BENTON CITY -- Kids here quickly are getting addicted to a computer game -- and their parents and teachers couldn't be happier about it.
A roomful of fourth-graders stared at screens Wednesday, intensely focused on snatching spaceships out of the sky or pressing the right button to make coconuts rain down on a monkey's head.
It didn't look like a math lesson. And that's the point.
Teachers at Kiona-Benton City schools say Math-Whizz, a web-based math program, has achieved more in a few weeks than traditional methods did in years' time.
It's made math fun for kids and allowed teachers to individually address the needs of every student, without having to slow down or leave behind the rest of the class.
The program looks like it would be fun for anyone 14 or younger. Students start out in a virtual bedroom, which they can decorate. They also can get plants or pets, or start fun games from here.
But to do any of that they have to cash in points. And they earn those points by completing math lessons.
And so the kids clicked to start a session specially tailored for each one and draped in colorful graphics.
The spaceships are labeled with four-digit numbers and students need to place them in order into slots at the bottom of the screen.
The monkey gets hammered by coconuts when the student correctly subtracts a given number of nuts from the total on the palm tree.
There also are timed tests, graphics that show how to add large numbers by splitting them up into their decimal components and much more -- all the way up to basic algebra and probabilities.
It turns math into a fun game, even if fractions haven't been your favorite pastime. And that leads to higher motivation and better results, educators say.
"I've been doing better at my homework and better in class," said 9-year-old Eric Campbell. "The times tables -- now when I do them, I really like them. I don't know that I liked them before."
When math is fun, kids spend more time practicing it, even beyond the required homework. Eric said he often spends "a couple of hours" logged on to Math-Whizz at home. For fun.
But it wouldn't be fun if the lessons were too hard to solve. The program greatly helps the teachers in making sure each student goes through lessons at just the right level.
"At the beginning you have to take this test," Eric said. "It took me two days."
The extensive test figures out each student's strengths and weaknesses. From then on, Math-Whizz makes sure the student gets appropriate doses of exercise in the areas where he or she needs it most.
The program measures kids' math prowess against that expected of a Washington student of equal age per the standardized state tests. If, for example, Eric performed at state average for his age, he would have a "math age" of nine in all of about a dozen different measured categories.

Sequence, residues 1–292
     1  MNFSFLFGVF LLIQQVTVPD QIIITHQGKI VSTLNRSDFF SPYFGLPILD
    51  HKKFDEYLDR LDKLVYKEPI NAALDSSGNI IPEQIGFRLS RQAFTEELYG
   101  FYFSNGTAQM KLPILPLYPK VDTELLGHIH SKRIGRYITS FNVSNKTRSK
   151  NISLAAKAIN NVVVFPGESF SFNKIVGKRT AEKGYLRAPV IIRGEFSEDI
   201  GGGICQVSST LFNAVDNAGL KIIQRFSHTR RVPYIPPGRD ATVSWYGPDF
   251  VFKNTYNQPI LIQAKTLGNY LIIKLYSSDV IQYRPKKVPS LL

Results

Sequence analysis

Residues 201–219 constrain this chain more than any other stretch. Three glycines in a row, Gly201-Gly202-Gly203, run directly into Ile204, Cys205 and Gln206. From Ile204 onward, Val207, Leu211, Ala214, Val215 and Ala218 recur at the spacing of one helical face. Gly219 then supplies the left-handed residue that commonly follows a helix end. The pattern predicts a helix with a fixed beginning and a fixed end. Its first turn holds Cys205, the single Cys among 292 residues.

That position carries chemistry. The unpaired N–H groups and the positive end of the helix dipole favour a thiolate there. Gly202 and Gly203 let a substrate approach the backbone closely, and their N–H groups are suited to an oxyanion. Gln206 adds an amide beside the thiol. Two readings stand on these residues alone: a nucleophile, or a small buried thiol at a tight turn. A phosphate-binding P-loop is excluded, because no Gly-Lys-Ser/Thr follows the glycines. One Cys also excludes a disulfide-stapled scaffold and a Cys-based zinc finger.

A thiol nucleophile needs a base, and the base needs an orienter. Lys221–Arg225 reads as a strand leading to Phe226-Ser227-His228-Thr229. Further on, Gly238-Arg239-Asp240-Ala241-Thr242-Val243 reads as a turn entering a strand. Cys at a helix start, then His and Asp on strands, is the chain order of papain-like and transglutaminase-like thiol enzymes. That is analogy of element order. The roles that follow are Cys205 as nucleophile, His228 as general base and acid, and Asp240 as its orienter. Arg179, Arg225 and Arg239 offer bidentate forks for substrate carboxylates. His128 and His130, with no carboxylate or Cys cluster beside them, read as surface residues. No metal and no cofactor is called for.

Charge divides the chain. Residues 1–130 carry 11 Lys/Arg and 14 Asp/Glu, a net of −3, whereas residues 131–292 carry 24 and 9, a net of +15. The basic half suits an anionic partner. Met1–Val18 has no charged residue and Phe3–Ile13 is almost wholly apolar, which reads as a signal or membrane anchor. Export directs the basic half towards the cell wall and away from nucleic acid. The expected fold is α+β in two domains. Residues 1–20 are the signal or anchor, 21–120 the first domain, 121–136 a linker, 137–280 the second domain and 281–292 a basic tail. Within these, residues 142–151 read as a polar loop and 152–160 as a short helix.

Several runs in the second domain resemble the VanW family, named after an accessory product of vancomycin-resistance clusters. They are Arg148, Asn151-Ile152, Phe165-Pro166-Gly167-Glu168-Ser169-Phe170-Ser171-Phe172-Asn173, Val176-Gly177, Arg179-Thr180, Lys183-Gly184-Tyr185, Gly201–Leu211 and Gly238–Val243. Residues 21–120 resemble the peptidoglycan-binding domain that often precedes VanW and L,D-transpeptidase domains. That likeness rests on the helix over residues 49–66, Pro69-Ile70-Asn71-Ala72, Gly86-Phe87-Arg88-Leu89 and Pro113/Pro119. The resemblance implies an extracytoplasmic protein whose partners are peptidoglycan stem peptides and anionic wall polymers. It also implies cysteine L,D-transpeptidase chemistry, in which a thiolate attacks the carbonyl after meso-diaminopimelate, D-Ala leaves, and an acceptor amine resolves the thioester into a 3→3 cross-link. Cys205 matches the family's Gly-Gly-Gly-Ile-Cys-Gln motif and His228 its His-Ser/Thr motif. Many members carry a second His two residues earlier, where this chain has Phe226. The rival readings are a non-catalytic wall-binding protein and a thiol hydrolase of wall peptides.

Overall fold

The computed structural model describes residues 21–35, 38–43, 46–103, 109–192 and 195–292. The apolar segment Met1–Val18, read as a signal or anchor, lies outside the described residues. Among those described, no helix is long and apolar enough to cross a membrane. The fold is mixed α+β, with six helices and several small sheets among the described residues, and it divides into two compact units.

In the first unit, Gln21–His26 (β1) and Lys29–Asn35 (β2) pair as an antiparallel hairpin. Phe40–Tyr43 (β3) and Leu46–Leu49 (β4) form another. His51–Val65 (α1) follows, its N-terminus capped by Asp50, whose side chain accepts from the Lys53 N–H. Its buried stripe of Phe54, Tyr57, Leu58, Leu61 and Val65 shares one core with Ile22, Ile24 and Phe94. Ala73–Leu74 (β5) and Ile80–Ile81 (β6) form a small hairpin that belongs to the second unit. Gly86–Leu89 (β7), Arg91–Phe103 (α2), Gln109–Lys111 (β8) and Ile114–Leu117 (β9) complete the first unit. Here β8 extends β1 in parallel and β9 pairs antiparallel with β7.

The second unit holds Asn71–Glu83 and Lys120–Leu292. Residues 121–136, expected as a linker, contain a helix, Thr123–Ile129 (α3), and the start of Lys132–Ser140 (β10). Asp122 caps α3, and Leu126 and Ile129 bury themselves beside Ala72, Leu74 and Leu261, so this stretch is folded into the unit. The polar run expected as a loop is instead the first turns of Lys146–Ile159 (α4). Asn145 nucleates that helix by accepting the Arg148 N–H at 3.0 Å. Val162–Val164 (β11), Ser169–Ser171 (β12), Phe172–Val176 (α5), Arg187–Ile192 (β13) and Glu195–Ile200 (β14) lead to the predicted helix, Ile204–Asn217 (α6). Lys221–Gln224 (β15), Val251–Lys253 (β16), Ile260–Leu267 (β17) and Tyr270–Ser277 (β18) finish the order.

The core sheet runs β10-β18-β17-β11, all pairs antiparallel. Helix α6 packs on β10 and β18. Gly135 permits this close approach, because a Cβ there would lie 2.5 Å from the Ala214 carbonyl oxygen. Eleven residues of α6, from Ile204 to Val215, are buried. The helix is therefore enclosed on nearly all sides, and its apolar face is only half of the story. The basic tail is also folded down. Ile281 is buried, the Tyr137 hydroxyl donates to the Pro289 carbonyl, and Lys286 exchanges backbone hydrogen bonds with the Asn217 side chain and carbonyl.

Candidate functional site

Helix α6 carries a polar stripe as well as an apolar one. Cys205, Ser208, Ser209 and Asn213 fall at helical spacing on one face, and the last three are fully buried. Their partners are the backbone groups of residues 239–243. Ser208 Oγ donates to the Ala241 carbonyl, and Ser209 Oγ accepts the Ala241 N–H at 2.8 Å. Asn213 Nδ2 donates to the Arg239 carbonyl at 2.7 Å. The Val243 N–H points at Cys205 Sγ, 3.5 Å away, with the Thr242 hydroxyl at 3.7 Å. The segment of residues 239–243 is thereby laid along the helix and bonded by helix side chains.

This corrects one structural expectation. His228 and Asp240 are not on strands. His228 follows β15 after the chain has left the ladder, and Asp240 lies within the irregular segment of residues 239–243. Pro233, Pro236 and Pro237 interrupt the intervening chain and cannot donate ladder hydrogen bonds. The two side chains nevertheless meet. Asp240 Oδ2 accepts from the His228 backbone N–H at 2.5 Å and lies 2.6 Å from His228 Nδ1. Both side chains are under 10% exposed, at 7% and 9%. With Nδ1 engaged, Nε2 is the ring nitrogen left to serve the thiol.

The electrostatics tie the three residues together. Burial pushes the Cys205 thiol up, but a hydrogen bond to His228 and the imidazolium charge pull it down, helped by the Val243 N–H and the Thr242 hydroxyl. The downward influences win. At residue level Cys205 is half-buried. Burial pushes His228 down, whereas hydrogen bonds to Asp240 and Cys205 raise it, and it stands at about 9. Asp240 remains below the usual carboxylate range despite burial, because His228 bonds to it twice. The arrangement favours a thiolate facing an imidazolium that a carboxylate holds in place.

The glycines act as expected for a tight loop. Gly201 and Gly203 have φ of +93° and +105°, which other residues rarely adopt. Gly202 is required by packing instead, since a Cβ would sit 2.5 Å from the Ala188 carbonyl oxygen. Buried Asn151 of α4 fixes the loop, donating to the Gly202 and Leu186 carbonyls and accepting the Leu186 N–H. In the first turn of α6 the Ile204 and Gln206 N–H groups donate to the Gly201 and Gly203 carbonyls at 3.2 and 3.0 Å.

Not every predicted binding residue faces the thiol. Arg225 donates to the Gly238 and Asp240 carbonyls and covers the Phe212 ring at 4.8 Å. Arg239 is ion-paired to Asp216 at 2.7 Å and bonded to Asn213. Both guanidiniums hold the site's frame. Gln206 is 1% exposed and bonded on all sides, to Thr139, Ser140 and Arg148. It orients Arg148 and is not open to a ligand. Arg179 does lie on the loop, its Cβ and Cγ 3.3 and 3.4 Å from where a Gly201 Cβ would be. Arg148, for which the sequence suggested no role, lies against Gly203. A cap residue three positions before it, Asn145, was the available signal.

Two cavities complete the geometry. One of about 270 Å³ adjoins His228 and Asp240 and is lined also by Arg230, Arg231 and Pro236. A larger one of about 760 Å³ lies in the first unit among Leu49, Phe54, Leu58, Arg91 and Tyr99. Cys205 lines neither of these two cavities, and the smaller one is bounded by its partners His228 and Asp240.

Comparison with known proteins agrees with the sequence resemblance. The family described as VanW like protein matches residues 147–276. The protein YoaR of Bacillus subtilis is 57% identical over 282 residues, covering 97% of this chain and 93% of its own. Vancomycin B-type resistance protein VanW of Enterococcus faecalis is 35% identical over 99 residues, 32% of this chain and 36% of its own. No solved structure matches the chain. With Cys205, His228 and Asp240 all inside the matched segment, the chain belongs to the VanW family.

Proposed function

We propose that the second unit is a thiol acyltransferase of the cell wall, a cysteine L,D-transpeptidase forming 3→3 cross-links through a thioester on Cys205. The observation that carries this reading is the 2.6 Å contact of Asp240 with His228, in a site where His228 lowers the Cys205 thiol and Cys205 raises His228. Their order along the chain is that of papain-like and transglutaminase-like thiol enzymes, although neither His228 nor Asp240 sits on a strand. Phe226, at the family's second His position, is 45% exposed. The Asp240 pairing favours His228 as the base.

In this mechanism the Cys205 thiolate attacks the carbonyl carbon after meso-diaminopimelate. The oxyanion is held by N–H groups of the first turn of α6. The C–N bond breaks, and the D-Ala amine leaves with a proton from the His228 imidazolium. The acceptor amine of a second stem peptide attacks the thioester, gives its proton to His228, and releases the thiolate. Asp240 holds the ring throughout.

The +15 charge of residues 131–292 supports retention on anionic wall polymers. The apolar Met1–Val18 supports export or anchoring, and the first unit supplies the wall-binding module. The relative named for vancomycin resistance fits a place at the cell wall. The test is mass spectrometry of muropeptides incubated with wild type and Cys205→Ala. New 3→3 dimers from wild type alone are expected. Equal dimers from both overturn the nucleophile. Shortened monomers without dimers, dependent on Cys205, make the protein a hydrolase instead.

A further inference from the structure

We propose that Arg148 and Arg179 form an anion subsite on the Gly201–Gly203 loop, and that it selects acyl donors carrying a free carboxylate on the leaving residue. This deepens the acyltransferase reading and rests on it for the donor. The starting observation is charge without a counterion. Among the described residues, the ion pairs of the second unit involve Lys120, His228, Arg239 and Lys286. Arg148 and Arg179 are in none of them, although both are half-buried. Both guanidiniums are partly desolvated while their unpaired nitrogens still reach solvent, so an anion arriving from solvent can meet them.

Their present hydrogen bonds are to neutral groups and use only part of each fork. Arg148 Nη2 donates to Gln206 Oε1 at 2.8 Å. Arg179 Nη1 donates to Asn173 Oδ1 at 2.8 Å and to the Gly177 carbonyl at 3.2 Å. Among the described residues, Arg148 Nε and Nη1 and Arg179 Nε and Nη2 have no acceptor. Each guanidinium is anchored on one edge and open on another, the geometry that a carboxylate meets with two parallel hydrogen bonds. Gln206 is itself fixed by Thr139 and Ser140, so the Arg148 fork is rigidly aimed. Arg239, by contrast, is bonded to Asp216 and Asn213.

But most kids' strengths vary, as do the skill levels within a class. The program already has helped to level both, as evident in the bar graphs of each kid's progress displayed for teachers.
A red line on the display showed where 9-year-old Garrett Brady started three weeks ago. Many of the red lines were close to age 9. Two of them were quite a bit below.
But the blue bars showing his progress since then are longest for those two formerly weak areas. The ends of those bars -- his current "math age" -- are at or above 9.
He has boosted and evened out his overall math skills. In three weeks.
"Garrett made about six months' growth in general and made two years' in the areas that he was weakest in," said Heather Franklin, Ki-Be's special services director, who oversees the pilot program.
And now that he has caught up, Garrett still will get challenged. He will just move up to solving problems he wouldn't have seen in a traditional fourth-grade classroom that needs to accommodate a lot of kids from different backgrounds.
"It's hard to differentiate instruction when you're in a classroom with 30 kids," Franklin said. "They could be at five or six different skill levels."
In special-needs classes, that difference between students in a class could be even greater. Math-Whizz has helped here, too.
"I have kids that are six or seven years behind," said Rebecca Mendez, a special-ed teacher at Ki-Be Middle School. "It's really nice to have the program so individualized."
Teachers can override the computer and assign lessons they think a kid should focus on. Mendez was helping 12-year-old Miguel Bayrdo chuck coconuts at monkeys. She had felt he needed an extra boost in subtraction.
Miguel has grown in a lot of areas through the program, Mendez said.
"It's hard to find engaging material for him," she said. "We've tried everything. This is another tool and it's really helped."
There could be no doubt Miguel was engaged. When Mendez took too long explaining the benefits of the program, his small hand stole across the keyboard and typed in the solution to the next problem.
A monkey screeched and jumped. The boy grinned shyly.
The program was going to be just for special-needs and bilingual kids -- having pictures to explain math really helps when you don't speak English that well, Franklin said. But as soon as the other teachers heard about it, nearly all wanted in on the pilot project.
The software company lets school districts try out Math-Whizz for 30 days, typically. Franklin talked the salesman into letting her have it for 60. But on May 1, the licenses for Ki-Be's kids will expire, unless the district can find $50 per kid per year in its budget.
It will do everything in its power to do so. The district hasn't met federally mandated standards in math and needed a new tool to improve its scores, Franklin said.
"I was on a mission to find out what's out there," she said. "We've tried others, but this has by far shown the best results."